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The buzzing of a bee woke Starsky. Since he'd once had a bad reaction to a bee sting, he sat up immediately, wondering where the little bastard was. It was on his bedside table, buzzing angrily—and continuously. The alarm clock, of course. Even as he shut it off he had to restrain himself from tossing the thing. His mom had used one of those Big Ben alarms that sounded more like the local fire department but never left you wondering what was making the noise. Now there were snooze alarms, 'bird-call' alarms, and the buzzer types.
He yawned, riffling his hair. For his money the best alarm was the blue-eyed-blond kind that kissed you awake and sort of nuzzled your neck. That never failed to wake him up. Grinning, he headed for the shower.
It was early enough that traffic was still sparse as he sped toward Venice. How many times had he been to Hutch's? How many nights had he stayed? Not enough, never enough. Their loving was so good, so complete, that they often wondered why they hadn't seen the writing on the wall sooner. Maybe the reason it was so good now was because they'd waited.
He turned onto Ocean, studying the early-morning street people as he drove. For the life of him he couldn't understand Hutch's fondness for this neighborhood. He knew part of it was the lure of the beach, which was only a couple of blocks away; but the truth was that the little hole-in-the-wall businesses and homes had been showing their age even before the sixties flower-power days. Hutch was so damn stubborn, though, you couldn't budge him. He smiled when the soft pink of his lover's apartment building came into view. That stubbornness translated into dogged determination on the streets, and something else when it came to their loving one another.
He pulled around the corner seeking the shade to preserve the Torino's paint job. He'd probably have to get another car soon, but he wasn't going to trade this one in. He got out and locked the car, thrusting the keys into his pocket. Nope. Was going to restore it to its original beauty and keep it as a classic, just like Hutch suggested. With a loving pat on the hood, he headed for Hutch's.
He knew as soon as he let himself in that his partner was asleep.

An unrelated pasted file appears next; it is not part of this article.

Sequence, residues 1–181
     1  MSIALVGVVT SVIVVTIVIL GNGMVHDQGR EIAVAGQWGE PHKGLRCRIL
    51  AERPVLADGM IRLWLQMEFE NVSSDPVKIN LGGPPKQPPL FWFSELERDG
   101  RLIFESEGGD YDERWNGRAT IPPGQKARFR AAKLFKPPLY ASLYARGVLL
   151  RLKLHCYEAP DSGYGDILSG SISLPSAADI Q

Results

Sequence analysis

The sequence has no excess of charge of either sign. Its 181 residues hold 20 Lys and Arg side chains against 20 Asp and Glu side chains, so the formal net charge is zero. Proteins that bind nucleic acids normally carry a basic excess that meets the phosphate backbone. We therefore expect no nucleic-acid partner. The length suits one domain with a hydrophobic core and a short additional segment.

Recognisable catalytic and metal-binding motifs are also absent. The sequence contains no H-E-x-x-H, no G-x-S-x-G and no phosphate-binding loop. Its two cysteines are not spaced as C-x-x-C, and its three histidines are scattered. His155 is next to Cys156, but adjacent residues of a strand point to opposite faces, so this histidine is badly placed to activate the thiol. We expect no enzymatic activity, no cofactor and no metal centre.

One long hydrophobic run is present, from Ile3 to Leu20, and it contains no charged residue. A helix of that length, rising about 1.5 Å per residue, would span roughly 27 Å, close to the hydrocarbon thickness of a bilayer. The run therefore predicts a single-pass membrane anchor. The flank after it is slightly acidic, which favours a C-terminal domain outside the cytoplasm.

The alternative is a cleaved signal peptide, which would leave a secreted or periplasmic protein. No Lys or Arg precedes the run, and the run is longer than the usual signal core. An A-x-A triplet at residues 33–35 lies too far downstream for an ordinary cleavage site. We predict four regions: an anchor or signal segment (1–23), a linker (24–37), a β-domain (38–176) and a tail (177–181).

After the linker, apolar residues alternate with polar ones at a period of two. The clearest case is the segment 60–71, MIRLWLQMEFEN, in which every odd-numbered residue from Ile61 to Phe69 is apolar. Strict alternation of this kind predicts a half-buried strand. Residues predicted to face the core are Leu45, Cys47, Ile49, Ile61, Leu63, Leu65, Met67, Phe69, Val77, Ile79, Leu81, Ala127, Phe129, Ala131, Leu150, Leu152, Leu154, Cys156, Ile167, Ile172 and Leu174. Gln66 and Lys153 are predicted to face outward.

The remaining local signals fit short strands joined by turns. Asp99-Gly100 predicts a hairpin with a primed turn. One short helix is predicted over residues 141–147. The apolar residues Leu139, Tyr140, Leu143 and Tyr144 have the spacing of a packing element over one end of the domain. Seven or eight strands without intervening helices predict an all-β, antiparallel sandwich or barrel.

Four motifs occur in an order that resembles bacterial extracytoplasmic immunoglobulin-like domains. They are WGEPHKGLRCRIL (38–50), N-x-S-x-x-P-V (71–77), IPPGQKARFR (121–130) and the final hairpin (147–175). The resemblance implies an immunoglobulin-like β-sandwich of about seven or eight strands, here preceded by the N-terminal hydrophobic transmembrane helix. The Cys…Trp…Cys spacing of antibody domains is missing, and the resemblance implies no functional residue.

The shades were still down and a comfortable silence pervaded the place. He smiled, removed his Adidas and dropped them beside the couch before stripping off his clothes. As he padded into the bedroom alcove, Hutch turned over, sprawling on his back. One hand held the sheet over his groin, the other rested on his chest. Starsky stood silently, smile gone, another emotion building fast. He knew if he was very quiet he could slide into bed without waking Hutch. They were so attuned to one another that recognition was subconscious. That was what he wanted today; wanted to wake Hutch up by loving him...by taking him while he slept. Nice work if he could get it, he thought wryly.
Before he moved, though, he glimpsed something white—an envelope—in a plastic bag. Instinct told him what it contained, but he needed to see for himself. Hutch hadn't even opened the fucking thing, had he? Starsky did it for him, lifting the feather out, placing it in his palm, staring at it. Nothing but a symbol, nothing but a stupid feather. But it stripped his partner of his pride, made him feel small and cowardly. Before he could stop himself, he'd crushed the feather and ripped up the envelope. He dropped them into the trash and made his way to the bed, slipping in beside Hutch. More than ever he wanted to make love, extra-hard loving, not rough-and-tumble, but close.
He slid his hand under the pillow, seeking the tube of gel. There was enough light in the room for him to see and he prepared himself rapidly, his fingers bringing his cock to respectable hardness. Hutch's breathing changed, his eyelids fluttered and his hand moved across the sheet, curling over his genitals. His clean smell carried across to Starsky and he committed it to memory for the thousandth time.
"Come on, darlin', ease over on your side," he whispered, hands slipping under the relaxed torso. Obediently, Hutch moved, long back curved and supple. Starsky followed, positioning himself close to the warm body. Proximity was having its usual effect; his cock was engorged and throbbing. "Good, babe, so good," he crooned, fingers stroking over Hutch's ass. He laid his head on a hard thigh, then pressed a kiss onto the flesh. "So easy, so easy, Hutch. Gonna make it good."
Hutch gave a long sigh, but didn't wake. Starsky smiled to himself; maybe he thought he was dreaming. He felt under the covers, seeking the soft cock. He wasn't surprised to find it stirring from its nest of fine curls.
He brushed himself over Hutch's hips, then smoothly parted them, easing into position. Wordlessly, he pushed, knowing he would gain entry without difficulty—three years had made things easy for both of them. "Ah, babe," he murmured, pulling Hutch down on him, shuddering at the heat.